I remember the shock when I first heard the words: "The Lord God has given me the tongue of a teacher, that I may know how to sustain the weary with a word." (Isaiah 50: 4-7). I was half-awake in a pew at morning mass, a self-imposed hit-and-miss routine intended to compensate for not being able to concentrate at Sunday liturgies because managing the music took all my byte-space.
I looked up. Run that by me again? The tongue of a teacher? That's me. I am a teacher. So, what about the tongue of a teacher? Sustain the weary with a word. Sustain the weary? If I am a teacher, I would know how to sustain the weary? And if I know how to do something, I would have a responsibility to do it. The words seared on my brain. The rest of the mass was a blur. I had never before considered my life's mission in those terms, sustaining the weary.
The implications of that line reoriented my thinking. If my mission was to sustain the weary, then it wouldn't do to be weary myself. How can the weary sustain the weary? No, if I was to sustain the weary, I would have to let go of any weariness I might be feeling, and concentrate on brightening other people's lives. At that moment, I decided not to allow any complications in my life to colour an entire day.
Today, Palm Sunday, hearing those words proclaimed again in the First Reading, I was back in that moment, reliving the epiphany, wondering how I am doing with that mission. Because not being weary is only the first leg of the journey. The next part involves using words.
How could I use words to sustain the weary? Right off, I could think of the obvious ways--greet people, notice things, take the time to chat, write letters, make phone calls. There had to be more. What would be the next level? Right about then, I happened on Peter Johnston's Choice Words. This book sensitized me to the effects that even ordinary, innocuous conversation can have on people. I could eliminate "but" from my vocabulary, he said, replacing it with "and." That small change would make any feedback I gave students much more powerful. Before, my left hand adding the "but" was taking away all the good from the positive comments the right hand was offering.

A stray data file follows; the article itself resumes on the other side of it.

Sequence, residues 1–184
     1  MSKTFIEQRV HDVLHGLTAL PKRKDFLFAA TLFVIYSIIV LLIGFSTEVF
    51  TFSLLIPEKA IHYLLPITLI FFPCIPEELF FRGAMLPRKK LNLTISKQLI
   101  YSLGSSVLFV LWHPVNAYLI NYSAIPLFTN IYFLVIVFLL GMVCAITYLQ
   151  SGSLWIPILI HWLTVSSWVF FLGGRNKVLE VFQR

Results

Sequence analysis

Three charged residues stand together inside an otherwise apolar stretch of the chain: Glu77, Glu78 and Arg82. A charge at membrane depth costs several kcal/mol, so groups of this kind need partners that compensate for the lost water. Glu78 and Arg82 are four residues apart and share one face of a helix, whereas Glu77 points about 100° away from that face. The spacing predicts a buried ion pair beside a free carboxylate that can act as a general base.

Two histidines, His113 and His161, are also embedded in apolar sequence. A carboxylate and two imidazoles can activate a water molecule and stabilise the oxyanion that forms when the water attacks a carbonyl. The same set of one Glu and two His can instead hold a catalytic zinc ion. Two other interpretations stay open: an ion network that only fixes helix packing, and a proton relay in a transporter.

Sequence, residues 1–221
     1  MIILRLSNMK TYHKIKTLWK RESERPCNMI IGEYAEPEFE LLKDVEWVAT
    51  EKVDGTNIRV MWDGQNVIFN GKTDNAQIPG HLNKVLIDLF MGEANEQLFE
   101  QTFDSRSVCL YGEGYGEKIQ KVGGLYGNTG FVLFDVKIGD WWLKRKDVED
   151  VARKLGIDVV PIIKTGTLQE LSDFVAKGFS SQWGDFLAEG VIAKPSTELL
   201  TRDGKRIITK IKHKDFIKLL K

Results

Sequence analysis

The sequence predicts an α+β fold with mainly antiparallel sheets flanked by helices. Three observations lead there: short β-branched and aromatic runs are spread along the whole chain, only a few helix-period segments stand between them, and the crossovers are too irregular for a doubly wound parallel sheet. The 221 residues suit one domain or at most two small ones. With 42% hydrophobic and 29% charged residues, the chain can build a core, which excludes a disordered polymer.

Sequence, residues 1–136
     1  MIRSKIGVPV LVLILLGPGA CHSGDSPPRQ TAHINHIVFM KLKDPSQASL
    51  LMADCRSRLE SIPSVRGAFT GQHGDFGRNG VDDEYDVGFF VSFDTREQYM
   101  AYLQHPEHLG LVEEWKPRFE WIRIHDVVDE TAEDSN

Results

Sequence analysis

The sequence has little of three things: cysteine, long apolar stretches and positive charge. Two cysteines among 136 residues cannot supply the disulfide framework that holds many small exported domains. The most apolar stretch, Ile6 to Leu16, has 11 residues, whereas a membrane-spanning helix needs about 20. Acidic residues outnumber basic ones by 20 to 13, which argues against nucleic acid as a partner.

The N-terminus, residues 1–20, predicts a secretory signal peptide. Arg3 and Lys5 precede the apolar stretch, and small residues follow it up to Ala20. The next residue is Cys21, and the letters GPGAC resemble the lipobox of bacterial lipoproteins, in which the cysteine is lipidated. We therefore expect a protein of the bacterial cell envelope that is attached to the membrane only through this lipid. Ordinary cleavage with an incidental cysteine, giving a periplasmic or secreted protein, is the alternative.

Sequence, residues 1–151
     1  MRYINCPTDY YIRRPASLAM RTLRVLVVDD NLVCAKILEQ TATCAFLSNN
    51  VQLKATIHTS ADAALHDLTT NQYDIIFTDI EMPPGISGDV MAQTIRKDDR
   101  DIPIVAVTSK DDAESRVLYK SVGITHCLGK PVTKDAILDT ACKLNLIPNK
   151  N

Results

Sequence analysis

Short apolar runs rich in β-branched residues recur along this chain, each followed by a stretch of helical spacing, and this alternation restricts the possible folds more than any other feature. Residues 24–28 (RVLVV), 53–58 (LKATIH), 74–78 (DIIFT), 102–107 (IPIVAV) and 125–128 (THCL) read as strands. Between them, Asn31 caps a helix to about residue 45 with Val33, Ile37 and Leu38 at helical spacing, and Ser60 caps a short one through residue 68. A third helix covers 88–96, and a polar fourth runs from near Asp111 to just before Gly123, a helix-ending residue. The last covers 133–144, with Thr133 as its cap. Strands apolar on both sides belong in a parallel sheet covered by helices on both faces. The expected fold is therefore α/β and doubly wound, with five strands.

He had more to say. You want to communicate your trust in people, he said; you want them to know you believe that they will do the right thing. I thought I was doing that. Maybe not always. Was I unconsciously undermining my work? Use the phrase, "It isn't like you to . . .", Johnston wrote. Why not? So I started saying to a student whose work was late, "It isn't like you to be neglectful of your work. Could we talk about why it hasn't yet been handed in?" That one simple phrase started so many surprising and meaningful conversations that deepened relationships and cultivated collaboration.
Recently, I happened on Inviting Students to Learn: 100 tips for talking effectively with your students, by Jenny Edwards. Actually, the subtitle could be, 100 tips for talking effectively with anyone.
Does that mean I am always successful at using words to sustain the weary? I wish. Sometimes, I get it right. What's important is that I am at least conscious of what I am doing, or not doing, as the case may be. With consciousness can come change, and I can get better.
As I age, I hope to refine those practices. With serious aging, though, I've noticed (now, I mean pushing into the nineties and onward), losing filters and reverting to basic, raw habits can happen to some people. That scares me. I really would like to continue moving forward.
This blog, too, uses words--to chronicle events, share ideas, entertain viewpoints, tell stories, express hopes. Maybe as well to sustain. To sustain me, anyway.